Statement on behalf of GCAP at roundtable 6 of the MDGs Summit

Global Call to Action against Poverty - Statement by co-chair Sylvia Borren

High-level Plenary Meeting of the Sixty-fifth Session of the UN General Assembly on the Millennium Development Goals: 22 September 2010

Roundtable 6: Widening and Strengthening Partnerships 

Chairperson, and respected Round Table participants from Governments and Civil Society: 

It is my privilege to speak here on behalf of the wide international network in more than 100 countries of the Global Call to Action against Poverty, and on behalf of the 173 million people (the great majority from the Global South), who joined Stand Up and Take Action against Poverty last October, and the millions who have Made Noise against Poverty in the run up to this General Assembly.

Yes – Civil Society is in general in favor of Widening and Strengthening Partnerships.

But for us the key question is: Partnerships with WHOM, to achieve WHAT?

Because we know, as you do too, that there are examples of advances towards achieving the millennium goals through partnerships between civil society, the corporate sector and local and national governments.

Good examples: 

- Partnerships between governments, the corporate sector and civil society to encourage prevention, testing and supplying of medicine for people with HIV-Aids.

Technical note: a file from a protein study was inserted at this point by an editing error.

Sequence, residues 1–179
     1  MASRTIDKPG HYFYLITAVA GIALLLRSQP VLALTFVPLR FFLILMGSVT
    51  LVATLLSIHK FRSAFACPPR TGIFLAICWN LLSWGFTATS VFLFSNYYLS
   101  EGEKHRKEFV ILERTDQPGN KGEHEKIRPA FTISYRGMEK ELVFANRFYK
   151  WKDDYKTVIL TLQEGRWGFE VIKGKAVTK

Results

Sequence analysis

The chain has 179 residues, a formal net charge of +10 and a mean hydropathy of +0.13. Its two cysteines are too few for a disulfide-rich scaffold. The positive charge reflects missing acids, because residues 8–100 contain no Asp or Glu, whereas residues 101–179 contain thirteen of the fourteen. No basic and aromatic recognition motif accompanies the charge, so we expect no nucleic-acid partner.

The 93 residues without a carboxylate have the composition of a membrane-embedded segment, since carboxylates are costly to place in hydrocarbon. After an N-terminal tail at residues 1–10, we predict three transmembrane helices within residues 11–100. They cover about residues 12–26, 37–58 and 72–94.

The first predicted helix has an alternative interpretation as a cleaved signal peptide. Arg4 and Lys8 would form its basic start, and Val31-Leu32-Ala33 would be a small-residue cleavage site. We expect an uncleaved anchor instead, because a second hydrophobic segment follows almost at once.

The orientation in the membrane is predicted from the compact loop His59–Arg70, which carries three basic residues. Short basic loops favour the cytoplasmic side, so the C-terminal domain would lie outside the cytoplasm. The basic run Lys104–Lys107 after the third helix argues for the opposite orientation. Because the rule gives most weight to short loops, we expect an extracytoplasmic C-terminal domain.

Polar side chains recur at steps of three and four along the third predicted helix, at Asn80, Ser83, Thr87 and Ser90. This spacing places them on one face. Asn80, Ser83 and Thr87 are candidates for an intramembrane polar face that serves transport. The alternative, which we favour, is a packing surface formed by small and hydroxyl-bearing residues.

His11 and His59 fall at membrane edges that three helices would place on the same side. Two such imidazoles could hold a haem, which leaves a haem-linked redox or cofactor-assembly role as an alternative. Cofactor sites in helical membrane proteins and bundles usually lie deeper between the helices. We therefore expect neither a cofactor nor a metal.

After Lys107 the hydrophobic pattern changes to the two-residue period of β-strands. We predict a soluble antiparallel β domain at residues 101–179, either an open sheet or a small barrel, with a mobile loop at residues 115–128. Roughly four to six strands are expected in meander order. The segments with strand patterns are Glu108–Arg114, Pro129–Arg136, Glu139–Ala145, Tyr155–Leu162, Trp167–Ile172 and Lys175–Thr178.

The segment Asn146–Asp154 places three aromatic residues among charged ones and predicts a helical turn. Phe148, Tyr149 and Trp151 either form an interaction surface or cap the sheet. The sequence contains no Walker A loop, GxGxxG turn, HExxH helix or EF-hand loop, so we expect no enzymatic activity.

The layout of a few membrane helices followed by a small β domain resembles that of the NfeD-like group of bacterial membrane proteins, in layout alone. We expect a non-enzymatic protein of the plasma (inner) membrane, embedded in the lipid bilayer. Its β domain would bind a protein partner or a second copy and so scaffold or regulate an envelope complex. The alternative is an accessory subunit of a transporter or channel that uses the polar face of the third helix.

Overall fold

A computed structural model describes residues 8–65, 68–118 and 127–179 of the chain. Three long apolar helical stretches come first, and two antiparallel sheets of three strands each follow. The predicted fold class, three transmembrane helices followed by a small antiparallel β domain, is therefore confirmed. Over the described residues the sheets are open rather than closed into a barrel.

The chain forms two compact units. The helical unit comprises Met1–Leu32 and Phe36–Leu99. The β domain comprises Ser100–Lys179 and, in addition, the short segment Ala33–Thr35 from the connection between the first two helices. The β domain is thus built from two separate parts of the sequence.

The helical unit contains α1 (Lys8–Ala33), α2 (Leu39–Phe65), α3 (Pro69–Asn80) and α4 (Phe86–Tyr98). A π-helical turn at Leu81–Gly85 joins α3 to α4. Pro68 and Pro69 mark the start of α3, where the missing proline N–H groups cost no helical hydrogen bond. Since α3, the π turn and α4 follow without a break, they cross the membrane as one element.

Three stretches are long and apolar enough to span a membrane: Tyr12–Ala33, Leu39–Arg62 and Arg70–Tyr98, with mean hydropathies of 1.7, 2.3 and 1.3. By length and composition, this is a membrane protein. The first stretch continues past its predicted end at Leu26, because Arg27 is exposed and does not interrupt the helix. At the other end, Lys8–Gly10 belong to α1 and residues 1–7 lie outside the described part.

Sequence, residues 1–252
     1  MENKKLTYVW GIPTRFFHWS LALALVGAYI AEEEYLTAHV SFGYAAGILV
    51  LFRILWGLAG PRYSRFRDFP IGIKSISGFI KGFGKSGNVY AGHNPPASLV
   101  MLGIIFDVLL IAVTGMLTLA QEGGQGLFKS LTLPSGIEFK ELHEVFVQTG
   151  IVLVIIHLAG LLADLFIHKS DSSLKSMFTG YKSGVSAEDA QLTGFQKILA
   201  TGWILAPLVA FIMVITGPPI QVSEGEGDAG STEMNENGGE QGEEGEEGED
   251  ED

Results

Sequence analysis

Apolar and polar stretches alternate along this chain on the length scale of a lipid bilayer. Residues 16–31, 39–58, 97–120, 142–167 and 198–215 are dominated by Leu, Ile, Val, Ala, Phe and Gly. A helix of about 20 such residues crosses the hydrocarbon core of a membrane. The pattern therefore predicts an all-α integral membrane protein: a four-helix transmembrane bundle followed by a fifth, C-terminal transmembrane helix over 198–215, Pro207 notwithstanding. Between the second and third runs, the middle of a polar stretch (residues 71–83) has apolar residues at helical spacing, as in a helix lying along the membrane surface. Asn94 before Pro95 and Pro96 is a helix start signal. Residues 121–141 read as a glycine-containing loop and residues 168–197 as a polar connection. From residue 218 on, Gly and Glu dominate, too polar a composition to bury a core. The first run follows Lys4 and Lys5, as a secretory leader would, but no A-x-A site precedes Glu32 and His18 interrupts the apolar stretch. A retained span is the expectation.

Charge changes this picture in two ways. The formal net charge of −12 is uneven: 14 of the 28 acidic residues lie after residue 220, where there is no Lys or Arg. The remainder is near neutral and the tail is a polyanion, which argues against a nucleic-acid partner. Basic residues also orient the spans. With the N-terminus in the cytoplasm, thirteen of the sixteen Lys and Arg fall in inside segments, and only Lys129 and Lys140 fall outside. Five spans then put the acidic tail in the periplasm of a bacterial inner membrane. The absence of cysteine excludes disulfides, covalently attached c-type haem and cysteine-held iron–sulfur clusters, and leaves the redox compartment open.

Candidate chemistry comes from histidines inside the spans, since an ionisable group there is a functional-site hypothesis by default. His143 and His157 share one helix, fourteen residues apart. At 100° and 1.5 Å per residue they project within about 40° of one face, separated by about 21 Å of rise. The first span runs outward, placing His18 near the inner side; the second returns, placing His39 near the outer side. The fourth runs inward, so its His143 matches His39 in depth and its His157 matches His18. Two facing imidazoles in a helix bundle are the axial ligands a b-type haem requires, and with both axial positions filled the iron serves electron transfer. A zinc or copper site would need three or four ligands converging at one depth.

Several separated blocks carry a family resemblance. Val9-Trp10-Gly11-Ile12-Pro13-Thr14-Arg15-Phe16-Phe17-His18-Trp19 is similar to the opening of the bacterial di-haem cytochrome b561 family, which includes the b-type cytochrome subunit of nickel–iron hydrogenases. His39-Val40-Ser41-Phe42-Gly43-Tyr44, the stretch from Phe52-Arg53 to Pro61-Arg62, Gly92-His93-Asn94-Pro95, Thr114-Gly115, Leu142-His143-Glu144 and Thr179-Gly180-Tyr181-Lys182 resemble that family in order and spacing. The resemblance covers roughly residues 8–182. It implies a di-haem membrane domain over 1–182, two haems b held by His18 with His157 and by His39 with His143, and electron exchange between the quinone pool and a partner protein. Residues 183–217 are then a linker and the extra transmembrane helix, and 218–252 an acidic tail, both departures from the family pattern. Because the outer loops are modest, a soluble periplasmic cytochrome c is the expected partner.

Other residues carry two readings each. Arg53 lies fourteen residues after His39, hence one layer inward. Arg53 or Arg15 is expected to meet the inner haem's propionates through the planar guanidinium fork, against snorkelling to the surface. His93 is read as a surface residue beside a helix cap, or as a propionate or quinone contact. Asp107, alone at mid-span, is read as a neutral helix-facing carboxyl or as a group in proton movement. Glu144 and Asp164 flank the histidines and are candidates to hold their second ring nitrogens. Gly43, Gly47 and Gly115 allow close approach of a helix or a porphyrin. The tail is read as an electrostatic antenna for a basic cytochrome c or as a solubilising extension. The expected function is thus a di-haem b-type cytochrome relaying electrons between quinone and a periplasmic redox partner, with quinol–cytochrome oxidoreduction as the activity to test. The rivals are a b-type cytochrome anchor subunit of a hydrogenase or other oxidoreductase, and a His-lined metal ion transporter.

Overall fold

- The public-private partnerships providing vocational training for young women and men, thus increasing their opportunities on the labor market.

There are also examples of partnerships which have been dysfunctional or even violent, leaving the women and men living in poverty worse off than before.

Bad examples: 

- The partnership between Shell and the Nigerian government – leaving the extreme environmental degradation of the Delta region in Nigeria. 

- The many free-export zones around the world where mostly young women and migrants work very long hours, in abhorrent labor conditions. And where the multinationals do not have to pay taxes which governments can use for education and health services, and where the governments and corporate sector have struck the deal that workers do not have the right to organize and join Trade Unions. 

So back to my question: yes, great, widening and strengthening partnerships: But partnerships with WHOM, to achieve WHAT?

For GCAP the key answer to this question can be tested very easily in any public-private partnership in two essential ways:

1. Are the people concerned (youths, women and men living in poverty, indigenous peoples etc.) and the local community fully involved in giving consent and in the design, planning, implementation and monitoring of the partnership activities?

2. Are women active participants with voice and equal decision-making power at every level within every partner of the partnership group?